First things first: Core training and training for the perfect set of abs (a.k.a. the "Six-Pack") are different.
Looking good with your tummy showing is one thing, but being able to avoid low back problems for life, among many other things, has its unarguable benefits that are far more important in the grand scheme of things.
Core training finds its benefit in functionality. How often do we find ourselves in an everyday situation that requires us to do one hundred sit-ups? Not very often, but when we are reaching to pick up a child across the table, we require a fundamental core strength in order to not only pick the child up but also to avoid injuring our bodies.
Components That Make Up Core Strength
There are a few components that make up core strength, but one in particular is the often neglected transverse abdominal (TA) muscle. When you see someone with a "six pack", you are noticing his or her rectus abdominus (RA) muscle. What you don't see is their TA muscle. That's because the TA lies underneath the RA and acts as a belt around the midsection. Simply, the tighter the belt, the stronger the midsection. You'll often see heavy weight lifters using thick leather belts to supply support to the midsection. We want to develop our own belt.
Let's Get Started Core Training
- Lie flat on your back with your knees bent and feet on the ground. Start with your lower back arched and off the ground.
- Place two fingers two inches below your belly button. This is roughly where the TA runs.
- With an exhalation, draw your lower abs down and in towards your spine. At the same time your lower back should flatten to the ground.
- Hold the position for 10-20 seconds and repeat 4-5 times.
Improve Your Posture
Core training helps your core become strong to keep you stable. The Arthritis Foundation's Exercise Program can help build your core, ultimately improving your posture and making daily tasks easier.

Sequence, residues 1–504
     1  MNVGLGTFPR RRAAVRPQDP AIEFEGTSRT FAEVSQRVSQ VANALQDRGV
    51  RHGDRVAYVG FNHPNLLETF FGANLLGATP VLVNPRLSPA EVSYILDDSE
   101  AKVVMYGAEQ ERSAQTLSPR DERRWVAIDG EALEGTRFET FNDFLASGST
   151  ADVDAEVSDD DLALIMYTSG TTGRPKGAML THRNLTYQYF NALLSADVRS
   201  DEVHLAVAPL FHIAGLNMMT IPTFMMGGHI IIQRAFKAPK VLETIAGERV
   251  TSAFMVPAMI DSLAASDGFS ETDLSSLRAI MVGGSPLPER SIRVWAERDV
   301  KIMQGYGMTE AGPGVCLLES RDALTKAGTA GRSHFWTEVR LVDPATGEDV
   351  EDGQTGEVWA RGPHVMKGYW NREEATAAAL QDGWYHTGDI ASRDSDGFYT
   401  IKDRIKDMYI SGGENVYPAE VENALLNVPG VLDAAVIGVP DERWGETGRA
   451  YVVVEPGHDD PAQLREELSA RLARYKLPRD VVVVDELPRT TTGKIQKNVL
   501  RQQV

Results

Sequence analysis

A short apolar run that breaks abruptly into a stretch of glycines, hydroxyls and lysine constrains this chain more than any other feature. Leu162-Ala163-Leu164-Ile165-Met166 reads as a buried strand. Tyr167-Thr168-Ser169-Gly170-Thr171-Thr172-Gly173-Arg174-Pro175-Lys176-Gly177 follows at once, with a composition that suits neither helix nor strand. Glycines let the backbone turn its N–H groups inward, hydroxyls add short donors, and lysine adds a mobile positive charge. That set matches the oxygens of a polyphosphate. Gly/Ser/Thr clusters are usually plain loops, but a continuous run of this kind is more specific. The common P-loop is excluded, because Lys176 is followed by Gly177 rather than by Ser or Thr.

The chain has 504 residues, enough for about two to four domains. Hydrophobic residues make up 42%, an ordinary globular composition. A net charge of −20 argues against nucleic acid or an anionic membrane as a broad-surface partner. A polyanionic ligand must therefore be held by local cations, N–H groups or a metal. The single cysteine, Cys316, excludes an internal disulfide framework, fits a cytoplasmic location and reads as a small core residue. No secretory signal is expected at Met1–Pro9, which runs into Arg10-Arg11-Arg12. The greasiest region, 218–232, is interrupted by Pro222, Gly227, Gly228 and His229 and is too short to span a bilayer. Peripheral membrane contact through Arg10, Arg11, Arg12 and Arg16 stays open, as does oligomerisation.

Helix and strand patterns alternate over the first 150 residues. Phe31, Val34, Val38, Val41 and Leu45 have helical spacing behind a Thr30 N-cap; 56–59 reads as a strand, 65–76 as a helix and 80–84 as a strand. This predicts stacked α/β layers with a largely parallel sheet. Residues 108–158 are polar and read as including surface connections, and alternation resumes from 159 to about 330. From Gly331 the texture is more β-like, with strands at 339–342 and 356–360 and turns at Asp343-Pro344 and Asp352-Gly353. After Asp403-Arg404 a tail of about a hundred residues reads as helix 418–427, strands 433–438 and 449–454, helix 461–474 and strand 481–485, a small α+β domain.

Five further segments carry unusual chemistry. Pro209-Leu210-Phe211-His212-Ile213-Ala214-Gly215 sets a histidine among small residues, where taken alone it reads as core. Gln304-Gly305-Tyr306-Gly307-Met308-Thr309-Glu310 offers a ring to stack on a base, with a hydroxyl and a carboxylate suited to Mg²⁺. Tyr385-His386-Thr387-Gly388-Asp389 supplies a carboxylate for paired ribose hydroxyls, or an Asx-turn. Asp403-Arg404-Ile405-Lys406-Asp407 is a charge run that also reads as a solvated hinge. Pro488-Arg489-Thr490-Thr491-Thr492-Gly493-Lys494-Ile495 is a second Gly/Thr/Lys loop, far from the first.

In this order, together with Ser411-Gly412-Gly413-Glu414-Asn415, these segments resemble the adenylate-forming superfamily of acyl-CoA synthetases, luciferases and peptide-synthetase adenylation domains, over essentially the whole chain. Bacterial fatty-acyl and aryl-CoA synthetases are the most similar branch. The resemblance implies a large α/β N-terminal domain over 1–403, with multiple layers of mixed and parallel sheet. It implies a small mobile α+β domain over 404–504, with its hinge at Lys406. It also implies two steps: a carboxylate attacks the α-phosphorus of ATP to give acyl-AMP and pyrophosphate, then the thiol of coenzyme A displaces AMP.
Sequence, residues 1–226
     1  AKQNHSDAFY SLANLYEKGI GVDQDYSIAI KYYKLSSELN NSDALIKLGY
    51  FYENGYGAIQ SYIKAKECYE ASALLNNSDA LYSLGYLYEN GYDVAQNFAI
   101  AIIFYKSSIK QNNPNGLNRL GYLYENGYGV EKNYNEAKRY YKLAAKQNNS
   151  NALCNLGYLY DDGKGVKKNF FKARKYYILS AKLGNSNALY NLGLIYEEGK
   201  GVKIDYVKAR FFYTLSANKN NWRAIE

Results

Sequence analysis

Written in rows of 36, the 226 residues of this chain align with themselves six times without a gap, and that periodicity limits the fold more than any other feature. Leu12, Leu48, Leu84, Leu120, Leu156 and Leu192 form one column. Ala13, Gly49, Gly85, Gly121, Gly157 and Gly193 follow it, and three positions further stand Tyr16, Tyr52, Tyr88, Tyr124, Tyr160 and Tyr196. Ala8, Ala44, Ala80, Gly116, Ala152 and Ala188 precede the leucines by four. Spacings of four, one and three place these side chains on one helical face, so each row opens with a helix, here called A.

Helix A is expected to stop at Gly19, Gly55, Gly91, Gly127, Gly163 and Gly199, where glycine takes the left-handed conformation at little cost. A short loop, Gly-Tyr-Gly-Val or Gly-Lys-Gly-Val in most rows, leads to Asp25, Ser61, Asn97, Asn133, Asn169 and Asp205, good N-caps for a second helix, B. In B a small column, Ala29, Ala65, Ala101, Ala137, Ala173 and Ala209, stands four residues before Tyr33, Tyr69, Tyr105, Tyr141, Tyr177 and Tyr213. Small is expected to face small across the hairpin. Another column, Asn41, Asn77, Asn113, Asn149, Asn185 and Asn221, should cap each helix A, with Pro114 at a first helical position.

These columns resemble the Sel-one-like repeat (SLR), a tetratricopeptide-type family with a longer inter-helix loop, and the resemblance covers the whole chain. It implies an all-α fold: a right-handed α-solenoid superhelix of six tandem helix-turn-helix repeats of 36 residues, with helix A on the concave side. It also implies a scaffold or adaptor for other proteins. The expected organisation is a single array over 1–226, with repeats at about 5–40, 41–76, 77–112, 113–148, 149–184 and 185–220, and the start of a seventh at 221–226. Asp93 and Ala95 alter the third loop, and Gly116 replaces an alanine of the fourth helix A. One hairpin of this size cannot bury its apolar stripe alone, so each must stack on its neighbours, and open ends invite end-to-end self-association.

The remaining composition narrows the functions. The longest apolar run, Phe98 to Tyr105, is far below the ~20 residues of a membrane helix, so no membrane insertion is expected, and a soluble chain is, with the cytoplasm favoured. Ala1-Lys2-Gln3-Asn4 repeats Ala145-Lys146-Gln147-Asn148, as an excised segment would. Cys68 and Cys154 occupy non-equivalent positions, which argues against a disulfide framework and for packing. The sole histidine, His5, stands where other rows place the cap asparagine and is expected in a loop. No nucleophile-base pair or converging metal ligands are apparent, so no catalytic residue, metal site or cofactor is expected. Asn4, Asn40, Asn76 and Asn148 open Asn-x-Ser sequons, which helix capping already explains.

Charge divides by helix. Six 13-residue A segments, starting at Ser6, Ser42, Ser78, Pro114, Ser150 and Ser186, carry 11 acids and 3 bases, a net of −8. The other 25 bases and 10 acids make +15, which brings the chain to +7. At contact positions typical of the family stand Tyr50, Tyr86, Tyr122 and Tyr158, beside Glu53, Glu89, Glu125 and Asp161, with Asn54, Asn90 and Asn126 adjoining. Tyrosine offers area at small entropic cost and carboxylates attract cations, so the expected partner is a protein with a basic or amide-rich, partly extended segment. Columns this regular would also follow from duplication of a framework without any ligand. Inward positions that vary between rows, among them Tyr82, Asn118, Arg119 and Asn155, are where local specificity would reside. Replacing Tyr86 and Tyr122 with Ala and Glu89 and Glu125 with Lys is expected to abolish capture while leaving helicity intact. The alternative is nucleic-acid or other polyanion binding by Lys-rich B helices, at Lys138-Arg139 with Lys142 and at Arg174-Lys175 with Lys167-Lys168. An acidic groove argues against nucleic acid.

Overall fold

Use a mat for cushioning, and before you try the recommended exercises, talk to your physician if you have osteoporosis or neck or back pain.
Recommended Core Training Exercises
The following exercises are those which are recommended by the Arthritis Foundation for a strong and stable core.
Cat and Camel
- Start on hands and knees, looking at floor, with spine neutral.
- Slowly arch back like a cat as you tighten and pull in your stomach.
- Relax, returning to a netural spin and repeat.
- Lie down on your back on a mat placed on the floor
- Place your hands behind your head to support your neck
- Roll your shoulders blades up off the floor as far as you can
- Hold the contraction for a moment and slowly lower your shoulders back down in a controlled fashion
- Do twenty repetitions before taking a rest and repeat this a maximum of three times depending on your fitness level
Curl Up - Shoulder to Knee
- Lie on back with knees bent, feet flat, spine netural and abdominals tight.
- Place right arm by your side and left elbow out to the side with fingertips behind ear.
- Slowly curl up, exhaling and bringing left shoulder toward right knee. (Do not pull on neck.)
- Slowly lower head and shoulders to mat, inhaling. Repeat on both sides.
3. The Bridge.
- Lie down on an exercise mat, on your stomach with your legs straight and together.